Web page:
Emergency care facility access in rural areas within the golden hour: Western Cape case studyReport as inadecuate

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International Journal of Health Geographics

, 14:5

First Online: 16 January 2015Received: 10 November 2014Accepted: 05 January 2015DOI: 10.1186-1476-072X-14-5

Cite this article as: Vanderschuren, M. & McKune, D. Int J Health Geogr 2015 14: 5. doi:10.1186-1476-072X-14-5


BackgroundRoad Safety is a major cause of death around the world and South Africa has one of the highest road fatality rates. Many measures, engineering and medical, are investigated. However, analysis of the accessibility of emergency care facilities is often overlooked. This paper aims to fill the gap between pre-crash engineering solutions and literature on trauma injuries and emergency care procedures. The focus is on the role that accessibility to emergency care facilities in rural areas plays, given that 50% of the world’s population lives in rural areas, which are often omitted from international research. The Western Cape a rural province with low population volumes and high volume roads in South Africa is analysed as an example of access to trauma care in rural areas.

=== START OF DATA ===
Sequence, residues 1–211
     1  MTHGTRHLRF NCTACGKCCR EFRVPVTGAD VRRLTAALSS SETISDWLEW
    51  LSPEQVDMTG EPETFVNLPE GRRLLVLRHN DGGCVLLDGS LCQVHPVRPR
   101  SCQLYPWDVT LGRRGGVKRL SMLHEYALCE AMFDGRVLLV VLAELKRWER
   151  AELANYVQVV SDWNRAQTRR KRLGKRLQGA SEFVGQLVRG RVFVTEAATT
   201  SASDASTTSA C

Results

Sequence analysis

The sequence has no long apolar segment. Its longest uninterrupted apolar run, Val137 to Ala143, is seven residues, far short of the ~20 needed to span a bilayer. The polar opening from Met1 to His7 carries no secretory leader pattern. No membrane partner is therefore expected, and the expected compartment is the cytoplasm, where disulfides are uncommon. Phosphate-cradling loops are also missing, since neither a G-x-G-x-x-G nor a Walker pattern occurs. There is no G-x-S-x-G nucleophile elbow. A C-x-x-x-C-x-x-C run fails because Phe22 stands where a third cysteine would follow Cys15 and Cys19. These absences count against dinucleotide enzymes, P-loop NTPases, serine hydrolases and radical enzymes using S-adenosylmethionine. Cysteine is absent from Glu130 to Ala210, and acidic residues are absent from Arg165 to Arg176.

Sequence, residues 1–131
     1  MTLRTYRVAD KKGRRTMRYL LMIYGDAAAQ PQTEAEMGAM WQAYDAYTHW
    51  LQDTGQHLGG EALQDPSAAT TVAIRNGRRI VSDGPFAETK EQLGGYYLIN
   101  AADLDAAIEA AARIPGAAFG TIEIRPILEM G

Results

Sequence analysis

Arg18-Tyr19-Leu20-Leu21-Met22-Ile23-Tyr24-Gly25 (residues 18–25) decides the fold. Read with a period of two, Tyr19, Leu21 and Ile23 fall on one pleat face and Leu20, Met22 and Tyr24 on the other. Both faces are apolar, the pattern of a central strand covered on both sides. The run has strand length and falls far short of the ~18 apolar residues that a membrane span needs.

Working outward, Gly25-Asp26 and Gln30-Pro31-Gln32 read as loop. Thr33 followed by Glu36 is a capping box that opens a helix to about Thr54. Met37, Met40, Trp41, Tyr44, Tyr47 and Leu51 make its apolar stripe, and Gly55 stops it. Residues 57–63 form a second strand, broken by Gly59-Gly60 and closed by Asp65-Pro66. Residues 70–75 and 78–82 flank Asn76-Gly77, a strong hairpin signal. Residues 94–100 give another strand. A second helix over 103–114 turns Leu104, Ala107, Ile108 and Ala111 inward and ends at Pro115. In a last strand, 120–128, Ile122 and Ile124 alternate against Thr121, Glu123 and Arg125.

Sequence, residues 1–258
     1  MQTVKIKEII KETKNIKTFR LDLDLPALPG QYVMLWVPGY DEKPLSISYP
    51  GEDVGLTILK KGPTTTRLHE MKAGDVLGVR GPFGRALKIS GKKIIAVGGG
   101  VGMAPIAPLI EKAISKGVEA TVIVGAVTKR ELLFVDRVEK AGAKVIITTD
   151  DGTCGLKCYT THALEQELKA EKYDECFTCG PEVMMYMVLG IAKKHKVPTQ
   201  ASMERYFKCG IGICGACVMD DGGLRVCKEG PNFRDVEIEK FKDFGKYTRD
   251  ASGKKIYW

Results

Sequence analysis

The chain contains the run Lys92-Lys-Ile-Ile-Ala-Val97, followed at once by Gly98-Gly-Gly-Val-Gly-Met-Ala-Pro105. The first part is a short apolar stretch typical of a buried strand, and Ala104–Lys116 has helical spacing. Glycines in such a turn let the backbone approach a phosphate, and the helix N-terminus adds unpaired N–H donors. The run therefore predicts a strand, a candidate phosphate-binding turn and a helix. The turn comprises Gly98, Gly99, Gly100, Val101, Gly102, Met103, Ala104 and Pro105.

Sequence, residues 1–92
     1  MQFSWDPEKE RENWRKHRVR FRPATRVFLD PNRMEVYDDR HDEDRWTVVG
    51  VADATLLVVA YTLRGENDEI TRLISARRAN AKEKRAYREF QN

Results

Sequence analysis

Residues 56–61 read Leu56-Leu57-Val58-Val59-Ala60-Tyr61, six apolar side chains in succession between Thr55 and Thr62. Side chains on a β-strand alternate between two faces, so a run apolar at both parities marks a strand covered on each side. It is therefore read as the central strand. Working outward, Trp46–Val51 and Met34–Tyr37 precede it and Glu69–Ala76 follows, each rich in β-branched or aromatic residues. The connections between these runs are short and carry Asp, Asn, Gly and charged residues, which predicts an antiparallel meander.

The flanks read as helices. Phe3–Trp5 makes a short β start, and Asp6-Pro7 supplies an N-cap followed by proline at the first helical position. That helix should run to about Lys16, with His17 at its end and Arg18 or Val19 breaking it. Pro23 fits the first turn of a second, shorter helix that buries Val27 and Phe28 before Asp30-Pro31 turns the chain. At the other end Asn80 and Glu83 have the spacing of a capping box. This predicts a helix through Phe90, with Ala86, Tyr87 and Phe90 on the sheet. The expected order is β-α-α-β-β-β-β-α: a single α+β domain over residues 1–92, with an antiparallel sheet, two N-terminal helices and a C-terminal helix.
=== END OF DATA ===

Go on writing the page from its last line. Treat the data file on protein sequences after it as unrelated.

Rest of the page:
MethodIt is internationally accepted that the time to emergency care facilities influences the survival chances. However, the international literature still debates the exact time period. In this paper, the ‘Golden Hour’ is used to analyse the accessibility of emergency care facilities in rural areas and establish a geographical analysis method which identifies risk areas. The analysis can be repeated if the international literature debates regarding the exact time period changes.

ResultsA Geographical Information System GIS tool revealed that 53% of the fatalities in the rural parts of the Western Cape occur outside the Golden Hour. In high risk crash areas, the fatality risk is up to nine times higher than the province’s rural average.

ConclusionsPeople in need of trauma care after a road crash are most likely to survive if they receive definitive care timeously. At the time of the study, the rural areas in the Western Cape had 44 Emergency Medical Services stations and 29 medical facilities that can assist to provide definitive trauma care. Further optimisation of the facility locations is recommended and research has begun.

More advanced geographical modelling is possible when improved data becomes available on the ‘Golden Hour’ theory, differential times for varying injury types or travel speeds of ambulances. This, more advanced, modelling can reduce the road crash burden in rural areas around the world further.

KeywordsRoad Safety Risk Road crashes Golden Hour South Africa  Download fulltext PDF

Author: Marianne Vanderschuren - Duncan McKune

Source: https://link.springer.com/

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